If ever I felt like a doctor, it was the day I successfully intubated a whole human (technically 2) being(s) on my very own. It was obviously not your average scenario as Murphy would have it.
You see, Intubation is a tricky but very necessary skill to have. If you cannot intubate, patients will die and you will be held accountable.
The fine art of placing the thin plastic tube between the elusive vocal cords in the throat and directly into the lungs, to assume the very big duty of breathing and keeping this human being alive. It’s a marvelous feat and a scary one too.
The vocal cords in my opinion deserve a sonnet, a poem, a story, an ode and a lengthy book just on its glorious beauty. Searching and digging in a persons throat with harsh metal equipment probably swished in blood and mucous, using the so called laryngoscope to find these 2 delicate marble wings fluttering behind the epiglottis. Open and closed. Taunting you in the most beautiful paradoxical manner there is. Beyond the cords lie the lungs. All you see is the blackness of everything a person is.
The enigmatous cords slip away as you try and fumble to get the tube through the marble orifice. It slips upward and onward, rejecting your tube with a bounce. Attempt concluded. Humbled, you become. Theres no time to feel failure, because fear drowns your thoughts. “What if i can’t… The beeping cuts your thoughts short.
You continue bagging until the saturation monitor shows 100 percent. The prelude to round 2. You position the neck, hoping it’s not yet a corpse.
In you go once again. Sweat drips down your forehead, obscuring your view. You forge ahead. You spot the cords after what seems like an age of searching and you gently maneuver the tube into the darkness below the cords.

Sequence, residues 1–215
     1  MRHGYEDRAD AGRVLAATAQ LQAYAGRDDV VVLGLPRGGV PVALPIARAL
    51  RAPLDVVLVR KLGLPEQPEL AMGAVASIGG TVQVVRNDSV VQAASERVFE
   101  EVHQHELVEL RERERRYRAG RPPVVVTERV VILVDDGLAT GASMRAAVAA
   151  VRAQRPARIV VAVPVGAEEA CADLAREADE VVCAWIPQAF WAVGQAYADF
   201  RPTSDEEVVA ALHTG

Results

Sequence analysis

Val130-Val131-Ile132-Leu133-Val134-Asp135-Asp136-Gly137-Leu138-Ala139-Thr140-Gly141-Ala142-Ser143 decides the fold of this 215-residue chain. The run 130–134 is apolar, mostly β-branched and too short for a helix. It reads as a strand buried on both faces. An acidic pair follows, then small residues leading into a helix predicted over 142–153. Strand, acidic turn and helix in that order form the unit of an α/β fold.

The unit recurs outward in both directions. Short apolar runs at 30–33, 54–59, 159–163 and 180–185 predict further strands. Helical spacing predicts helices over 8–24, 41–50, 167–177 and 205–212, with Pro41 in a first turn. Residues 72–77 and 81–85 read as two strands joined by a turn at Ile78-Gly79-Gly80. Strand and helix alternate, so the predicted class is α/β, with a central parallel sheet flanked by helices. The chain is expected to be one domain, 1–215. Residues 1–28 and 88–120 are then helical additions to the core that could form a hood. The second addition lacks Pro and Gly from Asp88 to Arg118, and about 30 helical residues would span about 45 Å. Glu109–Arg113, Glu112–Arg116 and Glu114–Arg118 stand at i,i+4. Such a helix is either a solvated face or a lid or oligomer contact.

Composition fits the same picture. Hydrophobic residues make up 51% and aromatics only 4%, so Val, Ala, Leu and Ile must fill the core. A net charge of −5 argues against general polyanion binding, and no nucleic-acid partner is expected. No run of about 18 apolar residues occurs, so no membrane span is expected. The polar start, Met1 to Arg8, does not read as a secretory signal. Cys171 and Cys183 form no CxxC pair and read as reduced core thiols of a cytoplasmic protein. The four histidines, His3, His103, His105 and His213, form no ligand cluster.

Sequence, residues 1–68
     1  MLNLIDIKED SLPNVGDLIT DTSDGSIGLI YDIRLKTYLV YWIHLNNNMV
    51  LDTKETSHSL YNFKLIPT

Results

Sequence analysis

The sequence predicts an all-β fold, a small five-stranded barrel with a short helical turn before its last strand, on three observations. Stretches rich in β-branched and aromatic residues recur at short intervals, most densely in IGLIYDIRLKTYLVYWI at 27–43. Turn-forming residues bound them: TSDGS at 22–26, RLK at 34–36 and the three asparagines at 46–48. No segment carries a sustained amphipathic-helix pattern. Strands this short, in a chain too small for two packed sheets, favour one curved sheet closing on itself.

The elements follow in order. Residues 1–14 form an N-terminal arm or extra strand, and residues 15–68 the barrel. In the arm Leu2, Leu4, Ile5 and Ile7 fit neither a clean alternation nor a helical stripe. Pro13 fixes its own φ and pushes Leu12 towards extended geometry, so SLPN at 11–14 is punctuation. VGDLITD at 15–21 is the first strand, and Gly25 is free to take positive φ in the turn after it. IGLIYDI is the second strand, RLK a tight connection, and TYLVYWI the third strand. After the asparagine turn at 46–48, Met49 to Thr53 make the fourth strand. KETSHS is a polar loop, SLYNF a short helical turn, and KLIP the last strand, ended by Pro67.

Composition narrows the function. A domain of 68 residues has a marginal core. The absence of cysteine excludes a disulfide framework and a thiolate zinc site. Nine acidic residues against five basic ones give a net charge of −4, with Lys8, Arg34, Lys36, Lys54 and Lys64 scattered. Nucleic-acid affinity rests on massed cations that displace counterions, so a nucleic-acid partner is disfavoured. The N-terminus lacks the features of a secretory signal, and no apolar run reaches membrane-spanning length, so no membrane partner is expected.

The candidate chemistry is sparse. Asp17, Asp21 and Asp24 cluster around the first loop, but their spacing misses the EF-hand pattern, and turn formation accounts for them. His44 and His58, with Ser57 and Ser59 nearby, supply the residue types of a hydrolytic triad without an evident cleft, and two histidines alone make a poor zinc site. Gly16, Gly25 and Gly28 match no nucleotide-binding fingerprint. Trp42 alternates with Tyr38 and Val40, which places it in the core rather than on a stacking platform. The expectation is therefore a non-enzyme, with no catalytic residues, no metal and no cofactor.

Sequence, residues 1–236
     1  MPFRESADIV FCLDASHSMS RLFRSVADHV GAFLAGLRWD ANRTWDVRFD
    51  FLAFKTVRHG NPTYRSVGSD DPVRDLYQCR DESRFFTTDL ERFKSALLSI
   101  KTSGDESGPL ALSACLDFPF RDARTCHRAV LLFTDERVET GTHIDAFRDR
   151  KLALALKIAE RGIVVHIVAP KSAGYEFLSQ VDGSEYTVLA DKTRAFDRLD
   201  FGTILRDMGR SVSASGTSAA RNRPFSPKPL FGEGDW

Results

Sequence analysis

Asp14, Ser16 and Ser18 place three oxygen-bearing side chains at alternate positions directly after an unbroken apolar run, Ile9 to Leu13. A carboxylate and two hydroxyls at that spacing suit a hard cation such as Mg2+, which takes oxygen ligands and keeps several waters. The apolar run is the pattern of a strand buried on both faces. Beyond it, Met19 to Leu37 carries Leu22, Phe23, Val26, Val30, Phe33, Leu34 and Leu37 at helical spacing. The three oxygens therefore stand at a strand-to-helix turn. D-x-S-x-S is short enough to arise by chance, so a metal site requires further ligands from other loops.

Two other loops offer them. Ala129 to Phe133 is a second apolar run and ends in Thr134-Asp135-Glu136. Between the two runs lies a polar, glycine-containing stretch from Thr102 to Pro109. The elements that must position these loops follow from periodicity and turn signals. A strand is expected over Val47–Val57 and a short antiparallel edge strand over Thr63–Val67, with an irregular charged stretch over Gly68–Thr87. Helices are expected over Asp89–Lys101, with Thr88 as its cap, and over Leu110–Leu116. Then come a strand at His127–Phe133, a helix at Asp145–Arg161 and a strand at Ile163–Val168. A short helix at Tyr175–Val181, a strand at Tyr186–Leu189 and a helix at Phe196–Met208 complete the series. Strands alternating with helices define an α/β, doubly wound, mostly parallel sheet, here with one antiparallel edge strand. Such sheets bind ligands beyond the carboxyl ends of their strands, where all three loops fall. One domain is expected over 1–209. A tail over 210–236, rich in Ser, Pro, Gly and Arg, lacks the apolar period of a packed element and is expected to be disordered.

The moment of truth. Everyone around you strains their neck searching for the blue line on the saturation monitor. You cannot believe how a persons life (and yours) can hang in the balance of a simple number and a blue line.
You bag gently but vigorously. 67.. 68.. 65.. Doubt fills your mind.. 66.. 67.. 69.. Maybe not.. Maybe it’s in the oesophagus… 70… 69… But Maybe… 71… Maybe just maybe! 72.. 74.. 79.. 84.. Yes.. The tube is in!! 89.. 95.. 99.. 100… Your sweat is still pouring. But you can breathe a sigh of relief.
Now, securing the tube. If you don’t have enough practise, you can cause a major disaster and displacement. Gently maneuvering the strapping around the delicate tubing which you are holding on for dear life.
You stare proudly at the saturation monitor. 100 percent. You can’t contain your excitement, but you dont have to because out of the corner of your eye, keeping your excitement at bay, flashes an alarming blood pressure of 60/22. You get weak in your knees, and not the good kind (trust me!).